Growth in the badlands

27 May, 2013

Whilst average GDP growth in India increased by 1.3x over FY09-13 compared with a decade ago, India’s less celebrated states of Uttar Pradesh (UP) and Uttarakhand delivered an increment of 1.9x and 1.8x, respectively, over the same period. To be more specific, over the last five years UP and Uttarakhand have grown at an impressive 6.7% and 10.6% per annum, respectively (in real terms).

What makes this growth pickup all the more interesting is the fact that this performance was not driven by any dramatic change in the regional political leadership (as has been the case in Gujarat and Bihar). So how have these states surged ahead and what implications does that have for the rest of the country? This column contains some of my observations from a recent trip to the interiors of these states.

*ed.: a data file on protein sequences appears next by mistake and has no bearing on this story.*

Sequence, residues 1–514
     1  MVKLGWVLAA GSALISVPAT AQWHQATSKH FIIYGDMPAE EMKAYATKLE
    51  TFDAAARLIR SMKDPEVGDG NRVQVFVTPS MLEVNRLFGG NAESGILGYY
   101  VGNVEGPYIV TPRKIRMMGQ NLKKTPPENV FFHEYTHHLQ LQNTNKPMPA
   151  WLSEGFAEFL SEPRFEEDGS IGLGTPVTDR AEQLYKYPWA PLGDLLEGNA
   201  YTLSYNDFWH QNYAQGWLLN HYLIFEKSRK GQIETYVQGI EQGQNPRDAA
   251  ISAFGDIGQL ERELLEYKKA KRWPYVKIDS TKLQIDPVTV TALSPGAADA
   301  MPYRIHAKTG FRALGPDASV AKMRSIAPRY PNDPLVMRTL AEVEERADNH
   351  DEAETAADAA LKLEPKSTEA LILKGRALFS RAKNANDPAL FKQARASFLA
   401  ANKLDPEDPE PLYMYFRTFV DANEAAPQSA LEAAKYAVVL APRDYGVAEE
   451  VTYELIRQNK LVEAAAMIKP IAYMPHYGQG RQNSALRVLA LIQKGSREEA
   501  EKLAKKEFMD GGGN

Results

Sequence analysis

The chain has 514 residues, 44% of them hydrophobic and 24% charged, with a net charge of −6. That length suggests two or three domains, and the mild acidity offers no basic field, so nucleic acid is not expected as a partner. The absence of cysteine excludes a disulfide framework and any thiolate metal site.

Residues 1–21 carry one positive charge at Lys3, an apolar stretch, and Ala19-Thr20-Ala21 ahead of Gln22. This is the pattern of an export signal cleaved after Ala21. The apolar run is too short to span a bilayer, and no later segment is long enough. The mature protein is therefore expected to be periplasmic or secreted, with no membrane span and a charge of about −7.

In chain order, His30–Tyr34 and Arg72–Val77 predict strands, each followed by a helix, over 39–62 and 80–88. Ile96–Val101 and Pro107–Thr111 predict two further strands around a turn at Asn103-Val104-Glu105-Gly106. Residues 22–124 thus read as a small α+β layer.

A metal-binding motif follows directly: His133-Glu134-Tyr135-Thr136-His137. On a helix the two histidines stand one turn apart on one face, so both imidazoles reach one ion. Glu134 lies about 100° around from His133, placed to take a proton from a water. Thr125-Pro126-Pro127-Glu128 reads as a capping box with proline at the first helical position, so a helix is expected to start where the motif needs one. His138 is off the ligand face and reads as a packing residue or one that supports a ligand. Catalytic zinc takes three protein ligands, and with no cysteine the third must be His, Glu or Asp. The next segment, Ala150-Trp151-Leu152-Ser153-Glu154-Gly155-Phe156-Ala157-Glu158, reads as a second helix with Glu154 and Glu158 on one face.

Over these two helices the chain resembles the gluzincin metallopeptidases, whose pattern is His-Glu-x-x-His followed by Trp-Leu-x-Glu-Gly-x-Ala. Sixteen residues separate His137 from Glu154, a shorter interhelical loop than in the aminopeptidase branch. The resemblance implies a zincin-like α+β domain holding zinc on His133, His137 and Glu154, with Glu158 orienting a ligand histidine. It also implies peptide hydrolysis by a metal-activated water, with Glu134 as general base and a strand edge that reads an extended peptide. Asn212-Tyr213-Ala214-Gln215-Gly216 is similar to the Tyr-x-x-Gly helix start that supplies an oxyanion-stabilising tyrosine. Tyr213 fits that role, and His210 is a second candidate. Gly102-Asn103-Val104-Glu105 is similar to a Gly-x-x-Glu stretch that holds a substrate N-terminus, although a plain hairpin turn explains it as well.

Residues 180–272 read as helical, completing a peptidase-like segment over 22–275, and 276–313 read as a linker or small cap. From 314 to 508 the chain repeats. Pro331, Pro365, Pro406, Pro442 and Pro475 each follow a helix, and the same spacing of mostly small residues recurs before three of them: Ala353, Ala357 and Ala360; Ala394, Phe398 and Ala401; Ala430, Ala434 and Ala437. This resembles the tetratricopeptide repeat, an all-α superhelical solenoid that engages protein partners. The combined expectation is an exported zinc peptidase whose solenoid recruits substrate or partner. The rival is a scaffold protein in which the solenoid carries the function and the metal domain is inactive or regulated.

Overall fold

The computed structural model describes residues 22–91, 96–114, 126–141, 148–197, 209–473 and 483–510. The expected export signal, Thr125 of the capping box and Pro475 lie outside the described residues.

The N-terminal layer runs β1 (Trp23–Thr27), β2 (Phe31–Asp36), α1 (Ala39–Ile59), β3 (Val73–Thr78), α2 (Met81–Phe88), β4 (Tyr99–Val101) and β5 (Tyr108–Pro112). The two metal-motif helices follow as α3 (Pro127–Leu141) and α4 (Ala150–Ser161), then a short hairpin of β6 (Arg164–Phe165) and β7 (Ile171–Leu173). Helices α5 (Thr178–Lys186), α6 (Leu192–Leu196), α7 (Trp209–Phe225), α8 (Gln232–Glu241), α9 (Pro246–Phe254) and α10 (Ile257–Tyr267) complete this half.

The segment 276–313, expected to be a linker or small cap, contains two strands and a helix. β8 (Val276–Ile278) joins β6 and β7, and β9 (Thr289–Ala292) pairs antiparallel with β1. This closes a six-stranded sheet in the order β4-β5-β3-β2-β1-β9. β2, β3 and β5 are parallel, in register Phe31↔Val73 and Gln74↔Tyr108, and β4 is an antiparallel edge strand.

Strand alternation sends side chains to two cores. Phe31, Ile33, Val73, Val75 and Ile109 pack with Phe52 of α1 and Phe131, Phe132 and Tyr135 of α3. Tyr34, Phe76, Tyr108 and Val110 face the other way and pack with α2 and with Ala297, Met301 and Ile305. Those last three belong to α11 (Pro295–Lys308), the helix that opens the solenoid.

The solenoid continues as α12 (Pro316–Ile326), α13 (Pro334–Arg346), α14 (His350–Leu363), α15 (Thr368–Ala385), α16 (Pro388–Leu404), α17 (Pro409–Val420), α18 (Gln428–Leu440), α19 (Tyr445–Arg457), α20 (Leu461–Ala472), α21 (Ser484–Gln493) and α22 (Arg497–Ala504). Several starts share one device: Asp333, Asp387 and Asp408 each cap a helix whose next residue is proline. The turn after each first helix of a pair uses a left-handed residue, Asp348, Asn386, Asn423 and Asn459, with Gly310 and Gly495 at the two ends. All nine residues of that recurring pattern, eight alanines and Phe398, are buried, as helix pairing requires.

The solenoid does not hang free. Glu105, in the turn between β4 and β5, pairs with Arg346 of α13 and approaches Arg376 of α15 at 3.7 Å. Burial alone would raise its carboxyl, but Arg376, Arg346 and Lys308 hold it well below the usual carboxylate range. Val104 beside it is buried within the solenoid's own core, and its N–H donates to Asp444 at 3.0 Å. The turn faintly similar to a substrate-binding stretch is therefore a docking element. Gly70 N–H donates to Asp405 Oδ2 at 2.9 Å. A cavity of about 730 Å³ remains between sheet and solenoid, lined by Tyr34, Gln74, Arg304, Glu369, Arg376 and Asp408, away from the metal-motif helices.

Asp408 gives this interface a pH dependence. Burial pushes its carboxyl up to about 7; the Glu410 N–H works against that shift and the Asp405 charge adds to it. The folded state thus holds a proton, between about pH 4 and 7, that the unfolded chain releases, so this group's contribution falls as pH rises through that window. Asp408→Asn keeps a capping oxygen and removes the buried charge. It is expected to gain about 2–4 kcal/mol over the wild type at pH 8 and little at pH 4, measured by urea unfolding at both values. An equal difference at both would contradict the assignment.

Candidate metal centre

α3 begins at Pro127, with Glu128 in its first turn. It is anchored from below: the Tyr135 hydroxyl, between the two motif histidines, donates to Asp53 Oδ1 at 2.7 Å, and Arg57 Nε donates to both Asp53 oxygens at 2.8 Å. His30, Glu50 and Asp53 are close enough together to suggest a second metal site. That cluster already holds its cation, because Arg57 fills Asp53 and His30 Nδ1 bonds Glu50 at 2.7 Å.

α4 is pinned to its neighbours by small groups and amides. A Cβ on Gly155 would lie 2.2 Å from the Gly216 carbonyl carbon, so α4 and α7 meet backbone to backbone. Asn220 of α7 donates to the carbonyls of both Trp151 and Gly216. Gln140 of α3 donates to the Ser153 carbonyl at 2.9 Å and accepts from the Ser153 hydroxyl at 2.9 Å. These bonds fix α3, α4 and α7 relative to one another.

Driver 1 – The relentless rise in blue-collar wages: Across the country blue-collar wages—for skilled and unskilled labour and for urban and rural labour—have grown at 15-20% per annum (in nominal terms) over the past five years. This seems to have happened due to a combination of: (1) high growth in the traditional labour-supplier states such as Bihar as well as (2) a rising demand for education in India’s labour class. Therefore, I was not surprised when many of the industrialists I met in UP and Uttarakhand also complained of a shortage of skilled as well as unskilled labour. This surge in wages, combined with land price appreciation (see below), is driving consumption, and in turn economic growth, in these states.

Drive 2 – The surge in land prices: As was the case with most of India’s metropolitan cities, the go-go years of 2004-08 triggered a real estate boom in Delhi. The steep rise in real estate prices in the Indian capital over this period forced the city to grow laterally in the subsequent years. As Delhi attracted more migrants and as migrants demanded more affordable accommodation, the national capital region (i.e. the area surrounding Delhi) began to experience large-scale residential construction activity which continues to this day.